In the first half of 2015, the markets fluctuated modestly. According to S&P Dow Jones Indices, though, this was a tough period for fund managers.
The group’s data, known as the SPIVA (for S&P indices vs. active research) U.S. Scorecard, 65.3% of large-cap managers underperformed the benchmark, which rose 7.4% from July 2014 to July 2015. Plus, S&P says, over the five- and 10-year periods, 80.8% and 79.6% of large-cap managers, respectively, “failed to deliver incremental returns over the benchmark.”
As for mid-cap managers: “The investment landscape improved modestly,” said Aye Soe, CFA and senior director of index research & design, in S&Ps mid-year ‘15 report. About 48.1 % were unable to top the S&P MidCap 400 over the one-year period ending June 30.
In the small-cap sector, 58.5% of active small-cap funds lagged the benchmark. Plus, over the past five- and 10-year periods, the vast majority of actively managed mid- and small-cap funds underperformed their respective benchmarks, Soe explains.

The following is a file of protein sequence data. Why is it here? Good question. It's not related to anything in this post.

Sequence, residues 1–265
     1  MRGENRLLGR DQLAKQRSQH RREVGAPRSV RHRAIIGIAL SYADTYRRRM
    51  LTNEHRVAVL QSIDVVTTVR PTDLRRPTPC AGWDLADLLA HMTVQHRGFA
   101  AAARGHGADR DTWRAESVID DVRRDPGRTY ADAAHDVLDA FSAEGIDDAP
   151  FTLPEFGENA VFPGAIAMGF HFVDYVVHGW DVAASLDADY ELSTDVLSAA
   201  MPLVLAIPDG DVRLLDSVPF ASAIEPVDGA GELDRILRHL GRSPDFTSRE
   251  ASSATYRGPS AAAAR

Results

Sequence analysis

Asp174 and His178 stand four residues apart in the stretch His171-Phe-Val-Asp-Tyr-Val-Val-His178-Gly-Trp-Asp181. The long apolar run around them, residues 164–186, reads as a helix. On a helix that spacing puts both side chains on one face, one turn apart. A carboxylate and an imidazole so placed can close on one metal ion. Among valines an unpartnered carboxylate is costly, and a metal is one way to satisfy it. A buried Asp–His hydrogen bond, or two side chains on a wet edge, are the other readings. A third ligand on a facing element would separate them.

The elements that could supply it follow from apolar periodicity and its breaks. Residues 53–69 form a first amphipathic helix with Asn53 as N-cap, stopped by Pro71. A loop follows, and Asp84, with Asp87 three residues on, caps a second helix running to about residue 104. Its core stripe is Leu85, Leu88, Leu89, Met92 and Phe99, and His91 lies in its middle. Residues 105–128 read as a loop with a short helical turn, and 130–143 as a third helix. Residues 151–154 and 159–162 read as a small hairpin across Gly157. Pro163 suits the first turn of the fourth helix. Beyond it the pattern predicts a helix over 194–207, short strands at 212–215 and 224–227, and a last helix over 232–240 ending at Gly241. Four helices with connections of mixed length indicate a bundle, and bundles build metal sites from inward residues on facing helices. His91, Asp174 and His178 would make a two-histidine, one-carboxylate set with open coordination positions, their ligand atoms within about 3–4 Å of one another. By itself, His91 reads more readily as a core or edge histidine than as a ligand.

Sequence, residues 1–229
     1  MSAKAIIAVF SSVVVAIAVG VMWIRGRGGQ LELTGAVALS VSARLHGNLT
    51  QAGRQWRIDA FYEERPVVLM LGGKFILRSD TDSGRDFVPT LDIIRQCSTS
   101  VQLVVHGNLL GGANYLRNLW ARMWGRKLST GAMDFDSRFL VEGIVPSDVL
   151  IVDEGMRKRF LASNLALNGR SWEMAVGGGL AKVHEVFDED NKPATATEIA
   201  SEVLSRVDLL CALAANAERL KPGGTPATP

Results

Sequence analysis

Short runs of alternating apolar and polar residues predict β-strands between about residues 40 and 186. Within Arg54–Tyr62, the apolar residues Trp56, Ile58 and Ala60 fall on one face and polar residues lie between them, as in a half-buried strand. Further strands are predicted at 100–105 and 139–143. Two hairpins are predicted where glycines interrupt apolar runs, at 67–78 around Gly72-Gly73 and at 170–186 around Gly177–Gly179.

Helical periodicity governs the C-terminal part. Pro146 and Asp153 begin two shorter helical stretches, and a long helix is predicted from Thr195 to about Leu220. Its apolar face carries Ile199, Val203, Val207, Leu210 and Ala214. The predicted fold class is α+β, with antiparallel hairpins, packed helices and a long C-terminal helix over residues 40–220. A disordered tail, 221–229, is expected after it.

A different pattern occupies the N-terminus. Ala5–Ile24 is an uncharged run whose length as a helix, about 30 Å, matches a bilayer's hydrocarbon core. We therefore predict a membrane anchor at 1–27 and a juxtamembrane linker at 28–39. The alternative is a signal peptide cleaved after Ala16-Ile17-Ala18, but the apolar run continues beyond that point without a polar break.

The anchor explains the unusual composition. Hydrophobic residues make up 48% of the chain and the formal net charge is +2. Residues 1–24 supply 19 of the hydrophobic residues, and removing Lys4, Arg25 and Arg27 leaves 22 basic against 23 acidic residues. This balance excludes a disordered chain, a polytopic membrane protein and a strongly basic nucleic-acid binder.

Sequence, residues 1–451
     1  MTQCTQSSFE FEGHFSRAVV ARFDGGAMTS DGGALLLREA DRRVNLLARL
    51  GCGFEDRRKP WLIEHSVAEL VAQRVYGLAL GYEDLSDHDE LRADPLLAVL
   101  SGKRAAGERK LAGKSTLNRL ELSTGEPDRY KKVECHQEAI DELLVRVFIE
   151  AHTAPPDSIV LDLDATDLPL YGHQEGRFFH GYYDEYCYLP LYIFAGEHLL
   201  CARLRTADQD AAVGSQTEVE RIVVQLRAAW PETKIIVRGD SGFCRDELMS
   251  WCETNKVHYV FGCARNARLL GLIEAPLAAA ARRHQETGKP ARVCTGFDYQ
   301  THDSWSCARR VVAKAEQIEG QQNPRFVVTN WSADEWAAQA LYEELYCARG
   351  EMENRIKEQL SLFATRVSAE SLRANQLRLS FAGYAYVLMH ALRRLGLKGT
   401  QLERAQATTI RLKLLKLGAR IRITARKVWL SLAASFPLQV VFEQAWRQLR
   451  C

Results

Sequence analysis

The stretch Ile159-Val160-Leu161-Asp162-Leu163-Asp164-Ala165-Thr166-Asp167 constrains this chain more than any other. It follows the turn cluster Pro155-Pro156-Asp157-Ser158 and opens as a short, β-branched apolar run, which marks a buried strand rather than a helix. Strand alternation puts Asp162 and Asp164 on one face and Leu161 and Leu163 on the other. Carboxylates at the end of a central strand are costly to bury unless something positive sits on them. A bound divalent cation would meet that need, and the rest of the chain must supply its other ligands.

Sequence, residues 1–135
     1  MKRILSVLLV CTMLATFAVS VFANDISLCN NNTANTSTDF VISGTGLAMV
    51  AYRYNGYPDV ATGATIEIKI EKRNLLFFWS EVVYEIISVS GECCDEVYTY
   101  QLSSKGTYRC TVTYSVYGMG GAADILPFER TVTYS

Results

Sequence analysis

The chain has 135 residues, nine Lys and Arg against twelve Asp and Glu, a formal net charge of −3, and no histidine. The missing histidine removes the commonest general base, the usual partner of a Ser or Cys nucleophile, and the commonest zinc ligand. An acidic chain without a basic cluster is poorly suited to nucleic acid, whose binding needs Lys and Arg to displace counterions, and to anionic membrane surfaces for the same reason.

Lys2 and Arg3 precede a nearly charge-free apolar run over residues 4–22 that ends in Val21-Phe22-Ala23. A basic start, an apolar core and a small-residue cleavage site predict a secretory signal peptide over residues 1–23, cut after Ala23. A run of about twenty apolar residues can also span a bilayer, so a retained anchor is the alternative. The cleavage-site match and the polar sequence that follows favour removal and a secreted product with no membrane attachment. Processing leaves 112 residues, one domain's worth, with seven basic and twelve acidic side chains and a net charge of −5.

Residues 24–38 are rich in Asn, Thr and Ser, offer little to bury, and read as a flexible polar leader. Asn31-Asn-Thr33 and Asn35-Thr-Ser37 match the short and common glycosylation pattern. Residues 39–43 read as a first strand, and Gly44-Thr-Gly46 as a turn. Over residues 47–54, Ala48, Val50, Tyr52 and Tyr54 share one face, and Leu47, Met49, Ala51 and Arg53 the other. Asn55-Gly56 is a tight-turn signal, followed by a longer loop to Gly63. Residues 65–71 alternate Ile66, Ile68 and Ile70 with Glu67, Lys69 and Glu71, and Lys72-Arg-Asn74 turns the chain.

“It is commonly believed that active management works best in inefficient markets, such as small-cap or emerging markets. This argument is disputed by the findings of this SPIVA report,” she wrote. “The majority of small-cap active managers consistently underperformed the benchmark in both the 10-year period and each rolling five-year period since 2002.”
Market conditions favored growth-style investing in the past 12 months, according to S&P, when growth indices across market cap ranges returned higher than value indices. Plus, during this period, the majority of active large, mid- and small-cap growth funds outperformed their benchmarks.
Equity indices tracking international and emerging markets bounced back in the second half of 2015, though the gains were not sufficient; the groups posted negative returns for the past 12 months. With the exception of emerging market equity funds, though, funds invested in global, international, and international small-cap equity categories “fared better or at par with their respective benchmarks,” Soe states.